Well the point is it's ambiguous to some, and depends on the agency. If you read the entire link and not just the first portion of that paragraph it also says:

"however, the Census Bureau has acknowledged the obvious limitations of this definition[13] and the potential merits of a proposal created after the 1950 census that would include changing regional boundaries to include Delaware, Maryland and the District of Columbia, with the Mid-Atlantic states,"

"Similarly, the Geological Society of America defines the Northeast as these same states but with the addition of Maryland and the District of Columbia.[20] The narrowest definitions include only the states of New England.[21] Other more restrictive definitions include New England and New York as part of the Northeast United States, but exclude Pennsylvania and New Jersey."

I just don't see why this is being brought up every thread, especially when this one isn't a North/South thread.
Fair enough.
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Old 02-09-2021, 10:37 AM
 
489 posts, read 156,999 times
Reputation: 798
Quote:
Originally Posted by personone View Post
Re-read what I wrote. I specifically said, "East Coast" is commonly meant to refer to BosWash....not sure why you keep repeating this.

I just said that "North East" doesn't ALWAYS include Baltimore/DC. In other words "North East" doesn't always equal "East Coast."

The "MidAtlantic" definition in the Census does NOT include Maryland/DC. See below.

From your own link that you posted:
"Using the Census Bureau's definition of the Northeast, the region includes nine states: they are Maine, New York, New Jersey, Vermont, Massachusetts, Rhode Island, Connecticut, New Hampshire and Pennsylvania.[1][a] The region is often subdivided into New England (the six states east of New York State) and the Mid-Atlantic states (New York, New Jersey and Pennsylvania). This definition has been essentially unchanged since 1880 and is widely used as a standard for data tabulation"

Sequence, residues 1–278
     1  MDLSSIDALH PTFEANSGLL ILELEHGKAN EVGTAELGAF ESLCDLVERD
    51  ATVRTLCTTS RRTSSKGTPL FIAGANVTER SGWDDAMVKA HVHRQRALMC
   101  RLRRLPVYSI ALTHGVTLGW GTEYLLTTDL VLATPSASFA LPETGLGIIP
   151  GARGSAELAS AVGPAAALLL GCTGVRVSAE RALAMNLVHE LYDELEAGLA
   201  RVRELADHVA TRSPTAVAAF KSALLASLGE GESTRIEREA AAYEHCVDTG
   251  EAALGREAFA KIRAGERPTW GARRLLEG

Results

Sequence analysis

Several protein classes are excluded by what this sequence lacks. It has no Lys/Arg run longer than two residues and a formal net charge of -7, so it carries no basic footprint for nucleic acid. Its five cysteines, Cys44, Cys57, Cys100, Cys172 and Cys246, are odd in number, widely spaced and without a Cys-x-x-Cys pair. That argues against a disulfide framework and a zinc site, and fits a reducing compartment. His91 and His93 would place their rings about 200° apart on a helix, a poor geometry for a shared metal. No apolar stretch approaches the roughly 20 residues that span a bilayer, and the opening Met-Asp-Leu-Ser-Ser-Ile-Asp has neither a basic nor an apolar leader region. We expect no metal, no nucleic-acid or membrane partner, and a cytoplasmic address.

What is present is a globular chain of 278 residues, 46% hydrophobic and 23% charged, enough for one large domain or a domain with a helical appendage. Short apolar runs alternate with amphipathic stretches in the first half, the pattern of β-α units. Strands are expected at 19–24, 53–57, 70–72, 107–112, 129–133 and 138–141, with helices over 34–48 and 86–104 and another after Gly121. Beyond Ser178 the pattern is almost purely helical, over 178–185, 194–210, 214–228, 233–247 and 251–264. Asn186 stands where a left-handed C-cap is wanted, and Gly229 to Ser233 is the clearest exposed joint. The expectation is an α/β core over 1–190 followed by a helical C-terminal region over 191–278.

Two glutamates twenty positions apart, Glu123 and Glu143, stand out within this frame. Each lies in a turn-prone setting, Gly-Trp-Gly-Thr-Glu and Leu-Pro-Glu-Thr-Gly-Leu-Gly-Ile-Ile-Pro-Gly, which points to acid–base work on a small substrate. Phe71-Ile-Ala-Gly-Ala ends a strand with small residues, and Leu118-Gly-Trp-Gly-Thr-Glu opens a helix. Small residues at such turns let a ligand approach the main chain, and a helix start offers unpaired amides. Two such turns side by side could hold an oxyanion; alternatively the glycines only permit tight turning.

The Census Northeast definition (and Mid Atlantic definition) does NOT include Maryland or DC.

They are also considered part of the Southeastern US sometimes, hence, I feel like a broken record saying that Maryland and DC are not ALWAYS included in the definition of "North East."

https://en.wikipedia.org/wiki/Southe..._United_States
Quote:
Originally Posted by the resident09 View Post
Well the point is it's ambiguous to some, and depends on the agency. If you read the entire link and not just the first portion of that paragraph it also says:

"however, the Census Bureau has acknowledged the obvious limitations of this definition[13] and the potential merits of a proposal created after the 1950 census that would include changing regional boundaries to include Delaware, Maryland and the District of Columbia, with the Mid-Atlantic states,"

"Similarly, the Geological Society of America defines the Northeast as these same states but with the addition of Maryland and the District of Columbia.[20] The narrowest definitions include only the states of New England.[21] Other more restrictive definitions include New England and New York as part of the Northeast United States, but exclude Pennsylvania and New Jersey."

I just don't see why this is being brought up every thread, especially when this one isn't a North/South thread.
Quote:
Originally Posted by personone View Post
Fair enough.
I feel like this is the end result of every thread that involves Maryland or DC.......let's just say the region is "Mid-Atlantic" (regardless of what the Census definition says) or "East Coast."

They need to just have a sticky on this so it isn't constantly repeated in every thread, lol.